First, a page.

Upon infection, the SARS-CoV-2 Spike (S) protein is cleaved by host cell protease, furin, into S1 and S2 polypeptides, thereby exposing the CendR motif in S1 [2]. This motif is named for the “C-end terminal rule,” which is the requirement for the presence of a cationic amino acid, usually arginine, at the carboxyl terminus of the ligand, resulting in an RXXR configuration [10]. The CendR binding pocket lies within the b1 domain of NRP-1 [10]. Daly and colleagues [2] recently showed that the CendR motif in SARS-CoV-2 S1 protein binds to NRP-1 and potentiates virus infectivity. A monoclonal antibody against the extracellular CendR binding pocket in the b1 domain of NRP-1 reduces SARS-CoV-2 infectivity [2]. Analysis of NRP-1 RNA expression in cells isolated from bronchioalveolar lavage of patients with severe Coronavirus Disease 2019 (COVID-19) showed elevated expression in SARS-CoV-2–positive cells, but not uninfected cells [1]. It remains to be seen whether blocking the interaction between SARS-CoV-2 and NRP-1 could be an effective therapy in the fight against COVID-19.

Cantuti-Castelvetri and colleagues [1] also analyzed NRP-1 protein expression using the Human Protein Atlas [11], revealing high NRP-1 expression in the epithelial surface layer of the respiratory and gastrointestinal tracts, both of which are known to be affected by COVID-19 [12]. Although NRP-1 is disseminated throughout the tissues of the body, it is most commonly expressed by blood endothelial cells, vascular smooth muscle cells, and mesenchymal stem cells [13]. NRP-1 can also be expressed by adipose tissue macrophages, pulmonary and vascular endothelial cells, retinal vasculature, neurons, as well as immune cells such as CD8+ T cells, T-regulatory cells, and alveolar, bronchial, and vascular macrophages [1417]. NRP-1 acts as a receptor for signaling ligands such as semaphorins, VEGF (specifically the VEGF-A isoform), transforming growth factor beta (TGF-β), plexins, and integrins [3,18,19]. NRP-1 plays a multisystem role in angiogenesis, tumor progression, viral entry, axonal guidance within the central and peripheral nervous systems, and immune function [16]. The diverse expression and functionality of NRP-1 makes it an ideal extracellular target for SARS-CoV-2 and may contribute to the multisystem impact of this viral infection.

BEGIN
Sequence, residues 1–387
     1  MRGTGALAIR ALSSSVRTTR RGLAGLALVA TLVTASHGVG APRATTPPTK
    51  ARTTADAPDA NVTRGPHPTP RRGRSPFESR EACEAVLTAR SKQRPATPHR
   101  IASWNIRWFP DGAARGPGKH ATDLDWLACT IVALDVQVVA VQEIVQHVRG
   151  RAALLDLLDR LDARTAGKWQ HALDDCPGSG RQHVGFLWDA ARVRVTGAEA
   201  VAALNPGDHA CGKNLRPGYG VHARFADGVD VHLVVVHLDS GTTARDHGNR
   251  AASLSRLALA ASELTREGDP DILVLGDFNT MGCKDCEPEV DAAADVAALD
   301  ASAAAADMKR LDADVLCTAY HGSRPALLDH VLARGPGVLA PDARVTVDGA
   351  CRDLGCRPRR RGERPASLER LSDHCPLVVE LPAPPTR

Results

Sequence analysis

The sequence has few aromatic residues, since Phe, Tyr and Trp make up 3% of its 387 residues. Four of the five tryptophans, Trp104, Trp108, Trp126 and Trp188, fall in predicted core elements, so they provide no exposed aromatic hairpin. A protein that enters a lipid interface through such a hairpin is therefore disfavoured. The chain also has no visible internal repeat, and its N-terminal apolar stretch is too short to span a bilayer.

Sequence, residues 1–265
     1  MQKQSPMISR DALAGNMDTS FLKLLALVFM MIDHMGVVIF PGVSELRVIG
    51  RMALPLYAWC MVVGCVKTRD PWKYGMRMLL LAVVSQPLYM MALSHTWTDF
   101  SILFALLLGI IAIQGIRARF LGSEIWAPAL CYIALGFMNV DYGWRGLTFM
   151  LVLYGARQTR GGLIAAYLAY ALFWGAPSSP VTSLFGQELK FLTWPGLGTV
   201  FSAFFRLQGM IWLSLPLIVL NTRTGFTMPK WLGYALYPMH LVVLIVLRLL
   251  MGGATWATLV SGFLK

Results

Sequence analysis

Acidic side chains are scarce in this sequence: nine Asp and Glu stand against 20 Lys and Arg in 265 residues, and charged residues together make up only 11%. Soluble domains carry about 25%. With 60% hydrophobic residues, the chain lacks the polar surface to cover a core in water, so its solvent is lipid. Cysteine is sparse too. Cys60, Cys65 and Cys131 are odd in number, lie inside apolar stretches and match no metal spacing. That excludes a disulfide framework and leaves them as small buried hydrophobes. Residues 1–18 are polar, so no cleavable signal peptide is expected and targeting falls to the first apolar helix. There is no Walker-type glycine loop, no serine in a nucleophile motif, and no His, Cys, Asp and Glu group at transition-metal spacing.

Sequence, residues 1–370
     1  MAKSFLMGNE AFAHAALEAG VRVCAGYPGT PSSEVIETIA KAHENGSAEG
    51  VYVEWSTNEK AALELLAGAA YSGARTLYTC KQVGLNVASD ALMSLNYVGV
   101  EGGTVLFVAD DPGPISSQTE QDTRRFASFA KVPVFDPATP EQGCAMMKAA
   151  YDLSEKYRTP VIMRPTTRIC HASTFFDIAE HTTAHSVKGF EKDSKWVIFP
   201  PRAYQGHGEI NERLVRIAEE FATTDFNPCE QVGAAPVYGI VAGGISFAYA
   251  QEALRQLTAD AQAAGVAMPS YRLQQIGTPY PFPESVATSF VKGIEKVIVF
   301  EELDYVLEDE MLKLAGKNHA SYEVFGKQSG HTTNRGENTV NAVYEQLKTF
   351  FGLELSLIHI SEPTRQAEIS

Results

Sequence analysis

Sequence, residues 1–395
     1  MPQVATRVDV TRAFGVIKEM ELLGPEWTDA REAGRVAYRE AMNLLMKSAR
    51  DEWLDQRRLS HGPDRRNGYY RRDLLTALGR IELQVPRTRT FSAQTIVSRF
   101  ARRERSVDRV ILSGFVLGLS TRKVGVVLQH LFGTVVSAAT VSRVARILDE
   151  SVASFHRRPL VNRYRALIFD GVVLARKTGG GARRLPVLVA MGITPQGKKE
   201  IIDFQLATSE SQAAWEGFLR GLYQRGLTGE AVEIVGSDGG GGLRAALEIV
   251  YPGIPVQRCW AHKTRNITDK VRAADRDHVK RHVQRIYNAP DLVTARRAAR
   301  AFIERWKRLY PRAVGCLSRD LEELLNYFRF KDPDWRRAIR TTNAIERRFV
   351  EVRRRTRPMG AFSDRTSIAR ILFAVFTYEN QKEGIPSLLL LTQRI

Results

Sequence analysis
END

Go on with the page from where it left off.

NRP-1 interactions with VEGF and semaphorins have been shown to promote the growth, survival, and self-renewal of tumors [19]. It is expressed in a variety of different cancers, including glioblastomas, medulloblastomas, and carcinomas of the breast, prostate, and pancreas [3,19,20]. Given its widespread presence and role in tumorigenesis, NRP-1 has been the target of antitumor drugs, with peptide-based inhibition of NRP-1 leading to antiangiogenesis, and inhibition of tumor cell proliferation and migration [20].

Vascular expression and function